When I’m not working for the Silver Century Foundation, I help families with care management solutions. Most often, this involves meeting with an older person and a family member to coordinate resources that help my client continue to live independently.
One of the first tasks is organizing important contact numbers and documents. Over the years, I’ve created a process that I believe could help you, or someone in your care, do the same. I’d like to share my process with you, starting with how to deal with emergency contact information. (I’ll cover other areas of need in future blogs.)
Are you familiar with the acronym ICE? It stands for In Case of Emergency and provides critical, personal information in situations where you can’t speak for yourself. Most first responders—police, firefighters and EMTs—are trained to look for an ICE card in your wallet, in the glove compartment of your car or on the refrigerator. Using one of the many links available online, you can easily make ICE cards for yourself and give them to every member of your family. I also made cards for my daughters with their own information, to keep in the glove compartments of the cars they drove.
This is a case where “old school” is better, so I suggest keeping a paper list of your emergency contacts. It’s a good idea to have ICE contacts designated on your cell phone as well. PC Magazine offers a helpful article that shows you how to add ICE numbers to a cell, so they can be accessed even if the phone is locked. Some phones are easier than others.
Who should be an ICE contact? Two or three people will suffice, usually someone who lives nearby and a family member or two. I have my daughters as mine, along with a local friend who knows how to reach family, has a key to my home and would let the dog out if necessary.
Choose people who would recognize a fraudulent call if they received one and who know what you would need to have done in an emergency. When you pick your ICE contacts, don’t forget to tell them—make sure they are comfortable with the role and won’t be surprised in an emergency. I also have my primary care physician’s name and phone number on my card. There’s room to note allergies and organ donor wishes.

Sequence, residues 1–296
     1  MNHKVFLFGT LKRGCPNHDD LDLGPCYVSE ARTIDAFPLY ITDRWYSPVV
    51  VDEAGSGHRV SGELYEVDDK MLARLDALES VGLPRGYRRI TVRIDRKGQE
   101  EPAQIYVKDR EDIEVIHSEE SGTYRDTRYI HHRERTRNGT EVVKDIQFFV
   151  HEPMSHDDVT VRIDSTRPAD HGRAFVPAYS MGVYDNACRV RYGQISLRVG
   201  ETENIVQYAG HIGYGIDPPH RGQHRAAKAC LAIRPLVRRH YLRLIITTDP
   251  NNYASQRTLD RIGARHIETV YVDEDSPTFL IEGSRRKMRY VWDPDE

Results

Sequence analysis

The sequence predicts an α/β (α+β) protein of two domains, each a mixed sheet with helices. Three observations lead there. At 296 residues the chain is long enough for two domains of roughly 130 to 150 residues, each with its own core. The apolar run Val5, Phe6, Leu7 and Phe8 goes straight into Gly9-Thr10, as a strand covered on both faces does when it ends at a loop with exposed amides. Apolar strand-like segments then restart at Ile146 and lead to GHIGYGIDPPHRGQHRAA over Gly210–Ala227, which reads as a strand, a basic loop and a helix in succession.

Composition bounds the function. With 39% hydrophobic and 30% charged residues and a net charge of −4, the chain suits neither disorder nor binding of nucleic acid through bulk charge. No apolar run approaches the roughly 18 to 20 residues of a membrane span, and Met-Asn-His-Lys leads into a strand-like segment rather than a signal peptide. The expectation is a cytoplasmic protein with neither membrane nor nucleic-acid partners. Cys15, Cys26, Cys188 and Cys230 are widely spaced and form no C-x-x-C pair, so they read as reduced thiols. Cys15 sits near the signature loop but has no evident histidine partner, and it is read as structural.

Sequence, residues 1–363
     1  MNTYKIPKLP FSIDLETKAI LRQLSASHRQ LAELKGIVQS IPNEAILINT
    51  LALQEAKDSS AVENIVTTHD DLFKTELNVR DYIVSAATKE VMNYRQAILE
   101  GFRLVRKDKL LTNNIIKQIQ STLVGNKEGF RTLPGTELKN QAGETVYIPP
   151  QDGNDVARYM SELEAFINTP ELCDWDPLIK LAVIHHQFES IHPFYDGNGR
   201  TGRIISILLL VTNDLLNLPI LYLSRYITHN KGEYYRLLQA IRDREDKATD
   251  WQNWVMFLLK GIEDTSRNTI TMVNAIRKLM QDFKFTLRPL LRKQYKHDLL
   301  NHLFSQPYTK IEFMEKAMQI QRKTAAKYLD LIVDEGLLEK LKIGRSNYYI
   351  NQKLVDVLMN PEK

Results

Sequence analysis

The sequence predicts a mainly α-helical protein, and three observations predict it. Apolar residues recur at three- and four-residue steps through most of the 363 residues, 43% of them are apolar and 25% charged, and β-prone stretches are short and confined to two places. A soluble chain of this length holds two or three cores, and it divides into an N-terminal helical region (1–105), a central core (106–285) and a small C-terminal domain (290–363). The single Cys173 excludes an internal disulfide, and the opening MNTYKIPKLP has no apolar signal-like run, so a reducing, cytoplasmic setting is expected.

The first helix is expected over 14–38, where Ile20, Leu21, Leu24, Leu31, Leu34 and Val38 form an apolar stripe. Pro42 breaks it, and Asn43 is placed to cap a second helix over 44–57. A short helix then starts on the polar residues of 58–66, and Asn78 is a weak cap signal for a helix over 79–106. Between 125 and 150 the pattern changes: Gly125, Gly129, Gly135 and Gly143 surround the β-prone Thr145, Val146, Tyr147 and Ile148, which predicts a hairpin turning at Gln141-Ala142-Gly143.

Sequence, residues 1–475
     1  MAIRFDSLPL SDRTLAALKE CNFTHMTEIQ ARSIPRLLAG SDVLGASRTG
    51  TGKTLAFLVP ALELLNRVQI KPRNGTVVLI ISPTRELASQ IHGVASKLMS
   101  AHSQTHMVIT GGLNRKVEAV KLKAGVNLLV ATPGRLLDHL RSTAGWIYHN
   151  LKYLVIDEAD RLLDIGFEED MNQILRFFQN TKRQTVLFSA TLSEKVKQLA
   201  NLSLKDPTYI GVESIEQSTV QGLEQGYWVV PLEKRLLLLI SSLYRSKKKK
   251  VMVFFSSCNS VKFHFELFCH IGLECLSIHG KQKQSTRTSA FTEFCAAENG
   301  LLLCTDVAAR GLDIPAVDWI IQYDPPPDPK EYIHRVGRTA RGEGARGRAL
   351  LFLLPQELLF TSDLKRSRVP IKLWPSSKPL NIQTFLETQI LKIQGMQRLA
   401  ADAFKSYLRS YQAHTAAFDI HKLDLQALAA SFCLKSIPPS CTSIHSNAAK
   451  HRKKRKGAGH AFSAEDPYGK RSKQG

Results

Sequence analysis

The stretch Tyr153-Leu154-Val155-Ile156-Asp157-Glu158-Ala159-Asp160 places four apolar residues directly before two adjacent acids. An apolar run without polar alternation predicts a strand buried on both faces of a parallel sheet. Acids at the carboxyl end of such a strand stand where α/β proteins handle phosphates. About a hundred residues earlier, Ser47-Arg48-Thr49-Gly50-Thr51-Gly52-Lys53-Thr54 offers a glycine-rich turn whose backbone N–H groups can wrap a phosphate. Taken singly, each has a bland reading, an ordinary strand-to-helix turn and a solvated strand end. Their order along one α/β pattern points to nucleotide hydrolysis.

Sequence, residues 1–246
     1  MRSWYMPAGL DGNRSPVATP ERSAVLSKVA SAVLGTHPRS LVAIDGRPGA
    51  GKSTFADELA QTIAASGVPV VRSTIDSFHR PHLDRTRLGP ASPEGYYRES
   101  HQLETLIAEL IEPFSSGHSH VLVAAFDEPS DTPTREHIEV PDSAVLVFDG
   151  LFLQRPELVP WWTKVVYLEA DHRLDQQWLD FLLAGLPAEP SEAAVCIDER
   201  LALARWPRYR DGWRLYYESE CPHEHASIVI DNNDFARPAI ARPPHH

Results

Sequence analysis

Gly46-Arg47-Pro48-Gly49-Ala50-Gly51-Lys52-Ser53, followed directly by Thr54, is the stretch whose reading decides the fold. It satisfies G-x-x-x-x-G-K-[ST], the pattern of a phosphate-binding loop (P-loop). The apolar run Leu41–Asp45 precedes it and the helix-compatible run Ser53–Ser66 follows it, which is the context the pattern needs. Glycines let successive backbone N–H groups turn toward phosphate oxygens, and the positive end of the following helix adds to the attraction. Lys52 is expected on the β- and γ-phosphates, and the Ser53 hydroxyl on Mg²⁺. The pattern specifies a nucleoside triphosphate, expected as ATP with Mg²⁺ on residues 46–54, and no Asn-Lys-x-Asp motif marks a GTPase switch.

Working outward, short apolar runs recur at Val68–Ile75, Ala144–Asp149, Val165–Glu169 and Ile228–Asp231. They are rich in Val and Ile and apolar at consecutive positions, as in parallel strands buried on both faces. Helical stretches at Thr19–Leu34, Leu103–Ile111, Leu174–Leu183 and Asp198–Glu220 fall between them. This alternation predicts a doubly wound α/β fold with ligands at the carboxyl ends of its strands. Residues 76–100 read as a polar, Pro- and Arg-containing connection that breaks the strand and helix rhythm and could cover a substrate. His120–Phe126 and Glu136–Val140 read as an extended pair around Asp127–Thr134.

In my cell phone contacts, I add the letters ICE to the person’s information under Company Name (your cell phone may have a different category title). That way, if someone wants to search for my emergency contacts, those names come up together.
After getting ICE all set up, I organize the client’s emergency health information. The key here is to always keep it current. I suggest to my clients that they carry a list of prescription medications and dosages in their wallets (and that they update it when any changes occur).
On the refrigerator, I hang a File of Life, a magnetized pouch that holds the following information: street address and cross street (for calling an ambulance); home phone; date of birth; names of doctors; lists of medications and allergies; and, of course, ICE contacts. If there is more information you feel a first responder should know, put it in the file. For instance, when my husband was living, I identified him as a person with a pacemaker. I have my veterinarian’s number in the pouch as well.
Something to consider: adding your homeowner’s insurance contact information to your list could be very helpful in case of an evacuation, along with proof of pets’ vaccinations to get you into a shelter with Fido.
Check with your local government or first responders to see if they can provide an official File of Life. If not, you can label a large ziplock bag as such, fill it with your documents and hang that on your refrigerator.
Congratulations, you’ve begun your emergency preparedness plan and hopefully gained some peace of mind. Coming soon, part 2: organizing a master file of important documents.